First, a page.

• @phoog indeed. The actual point is that the proportionality factor of amplitude to deformation is higher for the shorter wavelengths. That's what causes the frequencies to go higher than integer-multiple, regardless of the concrete amplitude. Commented Jul 19, 2021 at 12:34
  • Why do you say it doesn't matter for guitar? Many styles of guitar playing use the equivalent of that technique to play harmonics.
    – Dave Tweed
    Commented Jul 19, 2021 at 16:55
  • @DaveTweed on guitar, a flageolett harmonic has the same frequency as the corresponding overtone in the open-string tone. Thus “harmonic” describes both accurately. On bowed strings, this is not the case. Commented Jul 19, 2021 at 18:33

Put in simple terms, when a string is touched at exactly its half-way point along the length, and made to vibrate, the note's pitch is exactly one octave higher than the original, open string. The string is mechanically effectively split into two equal halves, and by touching there, it introduces a node - a point along the string which doesn't vibrate.

When that same string is pressed against the fingerboard, at exactly the same point, it's actually under more tension - only slightly, but still more. So the pitch then is higher. The more the string has to be pressed down due to a high action, the more stretched it becomes. So to have that point produce a harmonic and a stopped note the string would have to be virtually touching the fingerboard, so there's no stretching or tension involved. That woud mean the string wouldn't vibrate freely when played, so the whole thing is a little bit compromised.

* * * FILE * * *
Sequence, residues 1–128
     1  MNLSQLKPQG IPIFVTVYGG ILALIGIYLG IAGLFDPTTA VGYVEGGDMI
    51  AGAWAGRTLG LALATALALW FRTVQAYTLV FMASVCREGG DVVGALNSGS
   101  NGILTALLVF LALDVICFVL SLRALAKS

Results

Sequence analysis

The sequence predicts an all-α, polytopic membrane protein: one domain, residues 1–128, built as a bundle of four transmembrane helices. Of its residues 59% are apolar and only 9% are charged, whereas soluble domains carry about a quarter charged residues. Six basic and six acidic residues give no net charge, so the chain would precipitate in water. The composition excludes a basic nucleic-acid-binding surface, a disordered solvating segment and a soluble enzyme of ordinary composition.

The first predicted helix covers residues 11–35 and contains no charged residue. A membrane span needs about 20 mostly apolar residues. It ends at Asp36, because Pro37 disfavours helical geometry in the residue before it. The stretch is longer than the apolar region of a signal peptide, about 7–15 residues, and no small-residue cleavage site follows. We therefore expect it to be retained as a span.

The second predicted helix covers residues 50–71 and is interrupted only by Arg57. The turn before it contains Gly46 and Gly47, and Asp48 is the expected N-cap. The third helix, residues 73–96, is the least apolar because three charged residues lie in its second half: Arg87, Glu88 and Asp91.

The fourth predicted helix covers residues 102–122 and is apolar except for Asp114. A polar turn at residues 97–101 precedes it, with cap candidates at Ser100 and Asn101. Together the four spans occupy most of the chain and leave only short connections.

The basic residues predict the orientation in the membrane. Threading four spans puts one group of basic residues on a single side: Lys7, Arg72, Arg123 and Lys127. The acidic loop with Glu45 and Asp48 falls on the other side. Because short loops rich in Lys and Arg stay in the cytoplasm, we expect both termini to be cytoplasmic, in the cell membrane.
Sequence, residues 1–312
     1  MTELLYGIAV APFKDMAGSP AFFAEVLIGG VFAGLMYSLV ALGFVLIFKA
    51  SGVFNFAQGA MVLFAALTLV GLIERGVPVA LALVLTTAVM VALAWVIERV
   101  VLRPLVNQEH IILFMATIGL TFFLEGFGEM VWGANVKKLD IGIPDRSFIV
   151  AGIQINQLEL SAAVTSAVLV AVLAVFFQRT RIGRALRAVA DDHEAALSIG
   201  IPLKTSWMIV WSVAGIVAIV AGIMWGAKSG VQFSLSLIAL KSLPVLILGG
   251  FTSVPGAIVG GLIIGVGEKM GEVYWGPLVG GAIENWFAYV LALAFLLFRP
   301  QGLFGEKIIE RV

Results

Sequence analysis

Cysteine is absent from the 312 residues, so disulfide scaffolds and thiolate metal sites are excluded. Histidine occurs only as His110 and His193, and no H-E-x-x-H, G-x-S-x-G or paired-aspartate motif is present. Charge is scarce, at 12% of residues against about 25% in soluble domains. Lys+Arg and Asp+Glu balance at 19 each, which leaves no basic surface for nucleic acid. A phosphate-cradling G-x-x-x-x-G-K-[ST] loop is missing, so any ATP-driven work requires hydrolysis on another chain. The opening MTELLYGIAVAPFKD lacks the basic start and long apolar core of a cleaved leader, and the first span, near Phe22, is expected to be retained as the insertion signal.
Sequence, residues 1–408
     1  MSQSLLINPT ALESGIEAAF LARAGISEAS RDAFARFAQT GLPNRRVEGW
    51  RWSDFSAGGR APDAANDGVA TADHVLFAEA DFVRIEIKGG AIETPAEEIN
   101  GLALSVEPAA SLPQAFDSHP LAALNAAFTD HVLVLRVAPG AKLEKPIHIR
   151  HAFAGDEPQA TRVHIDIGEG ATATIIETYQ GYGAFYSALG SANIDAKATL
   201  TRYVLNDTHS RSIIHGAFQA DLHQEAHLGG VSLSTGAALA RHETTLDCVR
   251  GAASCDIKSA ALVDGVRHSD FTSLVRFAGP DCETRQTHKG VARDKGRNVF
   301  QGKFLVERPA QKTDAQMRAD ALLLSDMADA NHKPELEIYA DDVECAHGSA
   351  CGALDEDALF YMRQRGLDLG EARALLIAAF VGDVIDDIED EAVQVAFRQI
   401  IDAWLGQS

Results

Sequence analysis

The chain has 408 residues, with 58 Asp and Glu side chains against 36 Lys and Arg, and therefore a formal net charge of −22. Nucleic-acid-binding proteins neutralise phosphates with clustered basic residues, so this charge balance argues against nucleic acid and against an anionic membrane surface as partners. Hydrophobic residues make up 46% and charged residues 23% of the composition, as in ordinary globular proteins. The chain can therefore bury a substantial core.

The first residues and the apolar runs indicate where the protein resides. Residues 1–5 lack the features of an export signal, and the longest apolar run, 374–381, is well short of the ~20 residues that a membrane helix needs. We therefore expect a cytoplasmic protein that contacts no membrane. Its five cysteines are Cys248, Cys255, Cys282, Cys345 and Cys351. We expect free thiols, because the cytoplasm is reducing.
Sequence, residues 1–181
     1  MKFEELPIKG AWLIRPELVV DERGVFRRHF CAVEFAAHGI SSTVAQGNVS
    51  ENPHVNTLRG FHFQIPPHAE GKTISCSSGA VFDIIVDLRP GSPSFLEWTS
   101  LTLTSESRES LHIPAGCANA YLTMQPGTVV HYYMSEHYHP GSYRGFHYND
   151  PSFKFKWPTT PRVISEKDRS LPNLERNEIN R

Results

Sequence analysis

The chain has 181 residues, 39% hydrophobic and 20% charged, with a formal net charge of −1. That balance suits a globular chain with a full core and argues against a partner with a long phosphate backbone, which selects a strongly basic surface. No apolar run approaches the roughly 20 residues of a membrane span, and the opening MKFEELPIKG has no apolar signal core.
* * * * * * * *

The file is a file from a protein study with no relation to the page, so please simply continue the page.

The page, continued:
• Oh! We were talking about a different "effectively"! I had intended to confirm that there was only one before I posted my comment, but then I forgot to do it. I was referring to the sentence "when that same string is pressed against the fingerboard, ... it's effectively under more tension." I had to pause and ask myself "why 'effectively'?" I would just say that when the string is pressed down, it's under more tension. "Effectively split" is less problematic, because you're not actually dividing the string when you touch it lightly.
    – phoog
    Commented Jul 19, 2021 at 14:10
  • 3
    @phoog - I have effectively edited it... (I hope).
    – Tim
    Commented Jul 19, 2021 at 14:47
  • I like it. Thanks for humoring my nitpicking. :-)
    – phoog
    Commented Jul 19, 2021 at 15:41

One factor that nobody has mentioned is finger thickness. When you touch a string lightly to produce a harmonic, there is a single point of contact; but when you press the string onto the fingerboard, keeping your finger in the same position on the string, the length of string that is free to vibrate is reduced by half the width of your finger. This will produce a slightly higher note.

  • And this is more relevant to a cello (or violin, viola, etc.) since they're fretless, and you can move your finger slightly up to compensate. On a guitar, it's the fret rather than the finger which stops the string, so it stays a single point of contact even if you press it down. There's still variation possible by moving the string sideways (thus stretching it more) but finger thickness no longer factors in. Commented Jul 20, 2021 at 15:41
  • As the question was for cello, it's totally relevant to the issue and something I had overlooked. Thanks! Commented Jul 21, 2021 at 16:01